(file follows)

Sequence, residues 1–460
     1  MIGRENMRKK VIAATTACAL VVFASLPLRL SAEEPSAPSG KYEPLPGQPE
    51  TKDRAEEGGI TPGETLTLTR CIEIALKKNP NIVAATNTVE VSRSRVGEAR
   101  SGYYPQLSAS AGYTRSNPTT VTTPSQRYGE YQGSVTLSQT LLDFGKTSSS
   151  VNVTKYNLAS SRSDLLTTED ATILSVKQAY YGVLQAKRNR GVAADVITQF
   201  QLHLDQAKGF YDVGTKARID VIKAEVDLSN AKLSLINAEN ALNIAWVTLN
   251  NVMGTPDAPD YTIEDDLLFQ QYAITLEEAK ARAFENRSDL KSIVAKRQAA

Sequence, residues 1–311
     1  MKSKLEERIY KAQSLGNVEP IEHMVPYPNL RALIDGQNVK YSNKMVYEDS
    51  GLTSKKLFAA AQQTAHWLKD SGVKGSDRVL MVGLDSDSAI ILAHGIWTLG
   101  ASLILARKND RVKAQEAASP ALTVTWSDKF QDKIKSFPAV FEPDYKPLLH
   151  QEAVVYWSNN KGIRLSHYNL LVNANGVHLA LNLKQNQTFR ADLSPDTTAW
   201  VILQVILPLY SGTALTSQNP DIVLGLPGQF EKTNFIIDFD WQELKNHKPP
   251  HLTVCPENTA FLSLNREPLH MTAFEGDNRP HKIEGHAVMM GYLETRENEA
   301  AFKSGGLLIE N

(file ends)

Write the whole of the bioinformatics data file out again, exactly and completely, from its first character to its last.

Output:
Sequence, residues 1–460
     1  MIGRENMRKK VIAATTACAL VVFASLPLRL SAEEPSAPSG KYEPLPGQPE
    51  TKDRAEEGGI TPGETLTLTR CIEIALKKNP NIVAATNTVE VSRSRVGEAR
   101  SGYYPQLSAS AGYTRSNPTT VTTPSQRYGE YQGSVTLSQT LLDFGKTSSS
   151  VNVTKYNLAS SRSDLLTTED ATILSVKQAY YGVLQAKRNR GVAADVITQF
   201  QLHLDQAKGF YDVGTKARID VIKAEVDLSN AKLSLINAEN ALNIAWVTLN
   251  NVMGTPDAPD YTIEDDLLFQ QYAITLEEAK ARAFENRSDL KSIVAKRQAA

Sequence, residues 1–311
     1  MKSKLEERIY KAQSLGNVEP IEHMVPYPNL RALIDGQNVK YSNKMVYEDS
    51  GLTSKKLFAA AQQTAHWLKD SGVKGSDRVL MVGLDSDSAI ILAHGIWTLG
   101  ASLILARKND RVKAQEAASP ALTVTWSDKF QDKIKSFPAV FEPDYKPLLH
   151  QEAVVYWSNN KGIRLSHYNL LVNANGVHLA LNLKQNQTFR ADLSPDTTAW
   201  VILQVILPLY SGTALTSQNP DIVLGLPGQF EKTNFIIDFD WQELKNHKPP
   251  HLTVCPENTA FLSLNREPLH MTAFEGDNRP HKIEGHAVMM GYLETRENEA
   301  AFKSGGLLIE N